Cash rewards for tips on guns, change minds about snitching - FOX 10 News |

McCarthy: Cash rewards for tips on guns, change minds about snitching

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CHICAGO (FOX 32 News) -

Chicago's top cop has a new idea to help get guns off the streets: Pay criminals for tips about other people carrying illegal guns and tap celebrities for their help to change minds.

Chicago Police Superintendent Garry McCarthy wants to implement a program he calls "Gun Stoppers," similar to crime stoppers. Tipsters can anonymously call in with information, and if it gets a gun off the street the caller would get a cash reward.

At a violence forum Thursday night, the superintendent talked about how big a problem illegal guns really are.

"The proliferation of firearms in this city is overwhelming," McCarthy said. "We lead the country every single year in the number of guns seized by the Chicago Police Department."

With so many more still on the streets, shootings and murders have become a way of life in some neighborhoods.

On our way to this forum on violence at Kennedy King College, the scanner was lighting up with another shooting.

The purpose of this forum - entitled Plea for Peace - was to talk about solutions to Chicago's violence problem and trim the city's murders rate, which has already topped 400.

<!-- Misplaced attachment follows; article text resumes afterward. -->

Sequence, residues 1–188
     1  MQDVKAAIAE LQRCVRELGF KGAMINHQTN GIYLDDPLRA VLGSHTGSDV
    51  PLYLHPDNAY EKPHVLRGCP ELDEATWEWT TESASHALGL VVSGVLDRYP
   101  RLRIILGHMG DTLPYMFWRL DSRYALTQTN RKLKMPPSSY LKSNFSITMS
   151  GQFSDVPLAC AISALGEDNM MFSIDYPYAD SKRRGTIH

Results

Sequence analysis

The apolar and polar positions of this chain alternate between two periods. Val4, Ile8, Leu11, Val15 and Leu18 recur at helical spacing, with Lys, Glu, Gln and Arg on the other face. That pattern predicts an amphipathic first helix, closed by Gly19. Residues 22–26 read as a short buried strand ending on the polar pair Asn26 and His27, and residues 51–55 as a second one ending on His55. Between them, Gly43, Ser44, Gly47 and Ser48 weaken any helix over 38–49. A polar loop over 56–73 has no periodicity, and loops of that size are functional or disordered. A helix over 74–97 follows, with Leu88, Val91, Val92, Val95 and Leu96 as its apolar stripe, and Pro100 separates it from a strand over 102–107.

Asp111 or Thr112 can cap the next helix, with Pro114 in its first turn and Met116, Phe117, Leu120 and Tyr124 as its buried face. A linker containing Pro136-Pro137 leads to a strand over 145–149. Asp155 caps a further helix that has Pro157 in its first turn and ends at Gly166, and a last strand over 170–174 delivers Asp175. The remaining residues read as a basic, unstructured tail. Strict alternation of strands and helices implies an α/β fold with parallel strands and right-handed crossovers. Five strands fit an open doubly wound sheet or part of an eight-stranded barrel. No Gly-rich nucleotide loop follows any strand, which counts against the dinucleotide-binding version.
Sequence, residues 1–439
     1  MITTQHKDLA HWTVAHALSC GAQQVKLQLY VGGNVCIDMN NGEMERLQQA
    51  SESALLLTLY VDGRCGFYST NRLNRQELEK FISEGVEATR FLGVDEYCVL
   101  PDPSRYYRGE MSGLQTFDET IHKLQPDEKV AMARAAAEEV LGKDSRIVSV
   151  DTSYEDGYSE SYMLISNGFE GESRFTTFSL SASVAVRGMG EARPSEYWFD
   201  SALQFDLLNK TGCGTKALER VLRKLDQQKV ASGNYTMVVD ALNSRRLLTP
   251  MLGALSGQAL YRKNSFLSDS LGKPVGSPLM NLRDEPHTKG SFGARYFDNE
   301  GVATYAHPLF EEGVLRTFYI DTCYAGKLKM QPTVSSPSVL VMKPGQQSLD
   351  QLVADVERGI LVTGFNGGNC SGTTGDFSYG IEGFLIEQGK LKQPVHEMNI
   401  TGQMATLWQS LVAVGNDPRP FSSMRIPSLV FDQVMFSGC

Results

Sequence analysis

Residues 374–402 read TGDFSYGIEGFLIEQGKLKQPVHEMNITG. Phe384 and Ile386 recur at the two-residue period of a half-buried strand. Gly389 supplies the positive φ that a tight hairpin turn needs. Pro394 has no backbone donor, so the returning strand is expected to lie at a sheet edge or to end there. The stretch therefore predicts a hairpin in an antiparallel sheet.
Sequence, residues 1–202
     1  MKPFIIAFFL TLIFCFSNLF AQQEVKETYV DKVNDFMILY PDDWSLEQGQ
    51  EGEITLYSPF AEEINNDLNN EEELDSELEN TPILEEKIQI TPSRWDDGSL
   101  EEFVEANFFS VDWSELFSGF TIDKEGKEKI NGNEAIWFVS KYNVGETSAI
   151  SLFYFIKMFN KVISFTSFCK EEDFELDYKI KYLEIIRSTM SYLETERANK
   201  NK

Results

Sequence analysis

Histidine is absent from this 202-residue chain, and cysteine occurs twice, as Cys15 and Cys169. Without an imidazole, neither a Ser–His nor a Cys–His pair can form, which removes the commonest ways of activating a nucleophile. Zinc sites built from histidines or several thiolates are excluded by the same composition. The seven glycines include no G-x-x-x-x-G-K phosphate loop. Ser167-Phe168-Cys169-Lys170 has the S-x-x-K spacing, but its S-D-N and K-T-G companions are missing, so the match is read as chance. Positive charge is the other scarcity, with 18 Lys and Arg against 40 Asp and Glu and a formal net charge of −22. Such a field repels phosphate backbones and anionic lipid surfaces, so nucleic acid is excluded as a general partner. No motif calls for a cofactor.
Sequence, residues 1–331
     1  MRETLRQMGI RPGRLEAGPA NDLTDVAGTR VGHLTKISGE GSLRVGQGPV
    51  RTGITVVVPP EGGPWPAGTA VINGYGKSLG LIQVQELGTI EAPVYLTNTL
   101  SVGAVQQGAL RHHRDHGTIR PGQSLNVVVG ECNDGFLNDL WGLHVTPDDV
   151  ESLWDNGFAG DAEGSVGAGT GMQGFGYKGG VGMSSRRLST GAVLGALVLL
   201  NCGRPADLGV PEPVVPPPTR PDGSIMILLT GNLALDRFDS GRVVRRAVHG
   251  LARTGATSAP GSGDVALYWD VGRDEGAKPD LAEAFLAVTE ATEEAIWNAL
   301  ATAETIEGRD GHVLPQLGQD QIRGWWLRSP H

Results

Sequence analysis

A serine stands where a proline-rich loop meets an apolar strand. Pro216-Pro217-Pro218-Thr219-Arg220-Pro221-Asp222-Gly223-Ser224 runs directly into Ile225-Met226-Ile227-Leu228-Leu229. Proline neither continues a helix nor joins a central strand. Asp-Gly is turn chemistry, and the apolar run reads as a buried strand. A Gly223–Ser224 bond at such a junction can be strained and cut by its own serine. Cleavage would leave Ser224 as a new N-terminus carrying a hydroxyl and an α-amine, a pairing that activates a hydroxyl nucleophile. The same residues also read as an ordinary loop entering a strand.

Diane Latiker runs a Roseland outreach program called Kids off the Block.

"When you put a gun in a 14-year-old's hands all he knows how to do is shoot it," Latiker said, "because he saw it on TV… When are we as adults going to decide to be adults, because what we do is lead and guide and nurture and care. When are we going to do that?"

The panel talked about the negative influence of rap music, and the problem of the "no snitch" culture that allows crimes to go unsolved... an issue the superintendent plans to tackle head on.

"We're looking for is artists, we're looking for athletes, we're looking for actors, somebody who these kids are actually going to relate to and listen to," McCarthy said, "to give them the message that snitching is if you and I commit a crime and I get caught, if you're a victim or a witness to a crime, by saying something you might be saving a life."

The superintendent said that plan would involve setting up a major marketing plan with high profile celebrities, for a program that he said has not been tried anywhere else in the country.

The idea is to change people's mindset, so if they know something about a crime they will come forward. But the fear of retaliation is a major hurdle to overcome.

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